Introductions to Joseph L. Arnold's History of Baltimore
Citation of Original Publication
Nix, E. M. (2015). Introductions to Joseph L. Arnold's History of Baltimore. Joseph L. Arnold's History of Baltimore. Baltimore, MD: University of Maryland, Baltimore County, 1-17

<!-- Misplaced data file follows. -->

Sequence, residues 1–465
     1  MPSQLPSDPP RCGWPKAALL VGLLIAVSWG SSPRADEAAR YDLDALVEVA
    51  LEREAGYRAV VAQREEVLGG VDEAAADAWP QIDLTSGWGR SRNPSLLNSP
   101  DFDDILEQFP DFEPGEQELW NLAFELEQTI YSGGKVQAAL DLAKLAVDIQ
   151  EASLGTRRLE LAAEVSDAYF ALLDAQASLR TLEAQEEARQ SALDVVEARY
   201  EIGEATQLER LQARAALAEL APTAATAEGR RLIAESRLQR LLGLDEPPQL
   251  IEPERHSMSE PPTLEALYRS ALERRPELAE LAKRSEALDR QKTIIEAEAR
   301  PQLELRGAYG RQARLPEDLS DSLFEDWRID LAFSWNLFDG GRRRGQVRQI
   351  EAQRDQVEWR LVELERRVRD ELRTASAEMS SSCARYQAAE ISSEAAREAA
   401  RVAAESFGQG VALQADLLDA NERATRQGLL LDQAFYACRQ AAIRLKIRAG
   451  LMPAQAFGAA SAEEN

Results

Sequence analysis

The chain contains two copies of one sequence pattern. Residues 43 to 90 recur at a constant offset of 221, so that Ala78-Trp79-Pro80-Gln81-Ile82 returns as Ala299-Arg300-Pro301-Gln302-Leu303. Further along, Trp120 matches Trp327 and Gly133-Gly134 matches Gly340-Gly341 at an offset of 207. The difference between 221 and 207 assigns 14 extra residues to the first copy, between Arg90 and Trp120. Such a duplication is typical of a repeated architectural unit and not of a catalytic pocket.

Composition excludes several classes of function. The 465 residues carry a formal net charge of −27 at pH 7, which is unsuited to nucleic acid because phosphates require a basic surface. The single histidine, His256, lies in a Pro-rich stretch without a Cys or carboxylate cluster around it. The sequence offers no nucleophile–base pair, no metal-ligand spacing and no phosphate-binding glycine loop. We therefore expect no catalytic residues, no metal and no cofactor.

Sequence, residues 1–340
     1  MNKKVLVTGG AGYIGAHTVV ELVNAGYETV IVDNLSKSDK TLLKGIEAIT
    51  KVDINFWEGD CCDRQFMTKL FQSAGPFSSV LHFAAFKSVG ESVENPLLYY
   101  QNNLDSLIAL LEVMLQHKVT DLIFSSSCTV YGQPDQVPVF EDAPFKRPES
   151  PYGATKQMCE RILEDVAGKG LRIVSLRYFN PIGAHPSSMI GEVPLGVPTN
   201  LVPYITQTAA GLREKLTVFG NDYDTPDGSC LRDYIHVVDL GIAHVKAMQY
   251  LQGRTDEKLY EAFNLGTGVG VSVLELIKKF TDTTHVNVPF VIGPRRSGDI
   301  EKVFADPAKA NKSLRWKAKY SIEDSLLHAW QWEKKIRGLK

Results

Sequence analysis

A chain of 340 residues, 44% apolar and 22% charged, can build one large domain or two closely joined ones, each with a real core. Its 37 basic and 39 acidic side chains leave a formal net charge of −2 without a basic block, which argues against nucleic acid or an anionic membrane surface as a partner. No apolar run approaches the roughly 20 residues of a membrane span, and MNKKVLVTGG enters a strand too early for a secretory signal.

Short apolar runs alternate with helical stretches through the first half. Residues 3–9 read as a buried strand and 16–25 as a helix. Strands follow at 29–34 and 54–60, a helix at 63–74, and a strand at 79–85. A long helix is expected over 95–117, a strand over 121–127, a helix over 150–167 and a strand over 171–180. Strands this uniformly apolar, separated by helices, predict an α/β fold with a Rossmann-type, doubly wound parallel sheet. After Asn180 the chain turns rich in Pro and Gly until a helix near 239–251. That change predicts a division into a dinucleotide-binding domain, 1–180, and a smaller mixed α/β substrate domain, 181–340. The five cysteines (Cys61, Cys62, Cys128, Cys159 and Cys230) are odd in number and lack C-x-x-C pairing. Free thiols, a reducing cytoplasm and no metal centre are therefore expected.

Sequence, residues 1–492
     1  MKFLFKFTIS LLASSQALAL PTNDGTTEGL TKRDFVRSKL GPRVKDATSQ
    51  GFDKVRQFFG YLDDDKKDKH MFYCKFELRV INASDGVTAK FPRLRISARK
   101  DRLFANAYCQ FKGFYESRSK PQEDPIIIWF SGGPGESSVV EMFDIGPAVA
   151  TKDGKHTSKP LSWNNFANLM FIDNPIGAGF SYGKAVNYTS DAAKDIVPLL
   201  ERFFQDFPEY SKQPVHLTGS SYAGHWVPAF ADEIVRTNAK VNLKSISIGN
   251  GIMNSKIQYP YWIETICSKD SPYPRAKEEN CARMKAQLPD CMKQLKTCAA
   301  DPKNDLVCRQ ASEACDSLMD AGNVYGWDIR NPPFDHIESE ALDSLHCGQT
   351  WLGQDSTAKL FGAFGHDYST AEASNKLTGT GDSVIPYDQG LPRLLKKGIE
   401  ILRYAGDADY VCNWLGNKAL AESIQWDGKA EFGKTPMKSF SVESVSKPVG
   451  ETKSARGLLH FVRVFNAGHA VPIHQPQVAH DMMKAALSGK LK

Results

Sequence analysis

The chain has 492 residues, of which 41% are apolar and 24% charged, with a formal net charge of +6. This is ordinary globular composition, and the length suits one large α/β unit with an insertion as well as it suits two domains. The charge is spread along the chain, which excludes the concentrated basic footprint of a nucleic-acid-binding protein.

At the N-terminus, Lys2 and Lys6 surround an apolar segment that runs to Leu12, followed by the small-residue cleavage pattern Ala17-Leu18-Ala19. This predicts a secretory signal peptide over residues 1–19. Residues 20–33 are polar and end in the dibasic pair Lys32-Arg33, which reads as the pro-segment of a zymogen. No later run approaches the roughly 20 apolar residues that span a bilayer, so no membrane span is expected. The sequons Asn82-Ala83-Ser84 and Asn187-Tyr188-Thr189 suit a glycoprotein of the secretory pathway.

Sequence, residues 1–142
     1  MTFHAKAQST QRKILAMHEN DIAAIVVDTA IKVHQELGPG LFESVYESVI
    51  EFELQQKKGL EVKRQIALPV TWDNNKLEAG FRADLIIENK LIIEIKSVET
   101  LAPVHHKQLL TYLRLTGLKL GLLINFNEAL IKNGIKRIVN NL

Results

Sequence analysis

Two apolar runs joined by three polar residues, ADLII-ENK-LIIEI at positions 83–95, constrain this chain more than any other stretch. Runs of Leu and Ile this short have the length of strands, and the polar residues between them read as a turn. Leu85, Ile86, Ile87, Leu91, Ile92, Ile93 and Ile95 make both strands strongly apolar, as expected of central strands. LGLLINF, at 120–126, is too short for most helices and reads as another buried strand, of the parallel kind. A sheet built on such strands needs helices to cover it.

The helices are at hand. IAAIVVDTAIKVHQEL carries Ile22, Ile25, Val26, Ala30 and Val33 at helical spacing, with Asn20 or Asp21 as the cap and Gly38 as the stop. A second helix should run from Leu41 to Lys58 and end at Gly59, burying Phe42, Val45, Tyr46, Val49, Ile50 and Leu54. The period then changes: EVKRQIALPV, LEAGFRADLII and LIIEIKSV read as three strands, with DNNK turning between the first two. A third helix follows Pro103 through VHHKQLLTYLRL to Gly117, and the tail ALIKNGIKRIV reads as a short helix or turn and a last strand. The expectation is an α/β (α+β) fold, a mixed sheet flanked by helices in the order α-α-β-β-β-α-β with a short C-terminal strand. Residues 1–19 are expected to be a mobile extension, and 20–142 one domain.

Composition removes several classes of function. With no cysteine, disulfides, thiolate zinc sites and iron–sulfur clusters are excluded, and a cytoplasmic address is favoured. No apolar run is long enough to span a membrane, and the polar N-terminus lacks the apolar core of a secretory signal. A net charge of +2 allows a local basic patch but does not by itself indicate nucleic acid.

How did Baltimore grow from a tiny hamlet in 1730 to the third most populous city in the nation in 1800? Joseph Arnold answers this question in the opening chapter of his sweeping account of two hundred years of Baltimore history. Arnold convincingly argues that Baltimore's success was not due to one charismatic individual who had a compelling vision or to an enthusiastic band of boosters who charted a pragmatic plan for economic growth. Rather, Arnold shows readers that the town’s success as a speculative settlement was birthed almost by the land itself. Arnold paints a picture of the gradual elevations that surrounded the harbor on the Chesapeake Bay, which seemed to provide an efficient route for tobacco rolling roads. When farmers exported their cured leaves to Europe in the 1730s and 1740s, Baltimore jostled for their business with many other tobacco landings along the basin. Arnold demonstrates the advantages of Baltimore’s location in the critical 1750s, when many nearby farmers switched to wheat as a cash crop. The swift streams that flowed into the harbor provided waterpower for grain mills, a crucial piece of the flour supply chain that demanded that farmers process cereal grains before they shipped them. In his comparisons to other fledgling towns in the Mid-Atlantic, Arnold points out that in the Baltimore region farmers could operate most efficiently. They grew their crops in the hinterland, hauled them to Baltimore for milling and then put their sacks of flour on ships that sailed directly to the West Indies and western Europe. The hills, streams and harbor seemed custom made for the profitable flour trade, and by 1776, Baltimore Town had grown into the sixth largest port in the colonies.